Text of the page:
Ireland: Week One

We’ve been in Ireland for a week now, biking, exploring, eating. We’ve travelled a little over 450 km, all on our trusty tandem bicycle. J has been keeping a running blog of each day’s adventures at beyonddonnybrook.wordpress.com which I won’t repeat. This morning I just want to share a few general impressions about this wonderful place.

Since we are traveling by bike, slowly, our impressions cannot be extrapolated to the entire country. Much of our time, this week, has been spent in County Clare, on the midwest side of the island.

Paul, the hardware man and historian, from Kilrush. One of our many new acquaintances along the way.

Paul, the hardware man and historian, from Kilrush. One of our many new acquaintances along the way.

The people really make this place! They are so friendly. They may be particularly friendly to us because we are odd, showing up in an area with apparently few bikes, and on a tandem yet too. But, even as we walk in the evening, in our street clothes, folks have time to stop and talk, beyond just answering our requests for directions. As we meet folks walking along the narrow roads we often greet them and receive a greeting in return. J suggested that it was our greeting causing the response, not the friendliness of the people so, we experimented and waited for their greeting, and it still came. When we are not greeted we now assume the folks we are meeting are other tourists!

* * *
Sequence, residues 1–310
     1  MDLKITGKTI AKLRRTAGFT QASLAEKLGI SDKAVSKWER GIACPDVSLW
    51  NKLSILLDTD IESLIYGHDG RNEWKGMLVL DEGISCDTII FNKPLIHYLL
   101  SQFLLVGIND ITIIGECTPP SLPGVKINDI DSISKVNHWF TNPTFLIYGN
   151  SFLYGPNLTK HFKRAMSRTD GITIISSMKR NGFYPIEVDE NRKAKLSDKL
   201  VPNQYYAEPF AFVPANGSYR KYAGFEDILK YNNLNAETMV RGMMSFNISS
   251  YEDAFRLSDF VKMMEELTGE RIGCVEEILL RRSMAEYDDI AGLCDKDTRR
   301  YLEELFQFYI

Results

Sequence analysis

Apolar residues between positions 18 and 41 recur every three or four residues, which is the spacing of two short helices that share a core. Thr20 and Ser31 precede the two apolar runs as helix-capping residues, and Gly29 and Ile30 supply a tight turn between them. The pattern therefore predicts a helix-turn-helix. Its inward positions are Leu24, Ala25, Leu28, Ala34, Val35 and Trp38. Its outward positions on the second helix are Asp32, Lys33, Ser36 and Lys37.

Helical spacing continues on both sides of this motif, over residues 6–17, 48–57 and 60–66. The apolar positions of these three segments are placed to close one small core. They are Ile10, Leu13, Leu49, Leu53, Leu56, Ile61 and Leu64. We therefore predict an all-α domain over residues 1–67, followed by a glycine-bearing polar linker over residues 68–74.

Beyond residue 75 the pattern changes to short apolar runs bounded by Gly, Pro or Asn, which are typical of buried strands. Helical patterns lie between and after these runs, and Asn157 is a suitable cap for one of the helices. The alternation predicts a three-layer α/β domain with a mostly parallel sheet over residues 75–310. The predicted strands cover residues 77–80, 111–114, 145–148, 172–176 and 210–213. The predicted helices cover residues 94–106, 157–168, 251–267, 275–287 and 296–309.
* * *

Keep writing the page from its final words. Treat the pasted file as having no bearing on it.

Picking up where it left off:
The castle on Inisheer. Not even a sign board for this one. Go right inside, but watch for cow paddies.

The castle on Inisheer. Not even a sign board for this one. Go right inside, but watch for cow paddies.

I find it intriguing the way, in the area we’ve travelled anyway, the people live in their history. The countryside is littered with skeletons of churches, castles, ring forts, and innumerable stone houses. We did pay to visit an ring fort interpretive centre, but otherwise these monuments to the history of this place are just there, the grass cut by cattle and sheep, sometimes with a signboard describing the happenings in the place, sometimes not. It’s such a contrast to our “build something new, bury the old thing” mentality. I’m sure the things we are seeing are now protected, but the fact they survived till now is amazing, providing the people with a constant reminder of those who came before them.

We have three more weeks here, another nine days on the bike north of Galway, then back to Dublin to join our friends, and a bus, to explore more of this wonderful island.

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2 thoughts on “Ireland: Week One

  1. It,s fun to follow your adventures once again. Could you give me the link to Beyond Bonnybrook? I don,t have it on my list of blogs anymore. Happy pedaling!

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